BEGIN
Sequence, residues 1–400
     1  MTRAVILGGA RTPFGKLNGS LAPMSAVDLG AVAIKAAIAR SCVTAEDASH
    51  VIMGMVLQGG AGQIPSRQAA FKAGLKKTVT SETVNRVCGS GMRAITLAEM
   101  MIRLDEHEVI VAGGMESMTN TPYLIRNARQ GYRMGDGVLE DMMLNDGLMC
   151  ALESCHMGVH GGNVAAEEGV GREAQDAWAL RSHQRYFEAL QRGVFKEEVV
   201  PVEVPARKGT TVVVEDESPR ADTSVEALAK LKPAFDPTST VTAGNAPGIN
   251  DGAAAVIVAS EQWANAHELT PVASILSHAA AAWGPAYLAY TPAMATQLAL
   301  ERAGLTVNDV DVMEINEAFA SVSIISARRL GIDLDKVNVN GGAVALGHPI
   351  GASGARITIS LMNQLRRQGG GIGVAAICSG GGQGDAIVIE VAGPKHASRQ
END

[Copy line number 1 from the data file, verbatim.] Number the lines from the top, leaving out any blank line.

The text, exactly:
Sequence, residues 1–400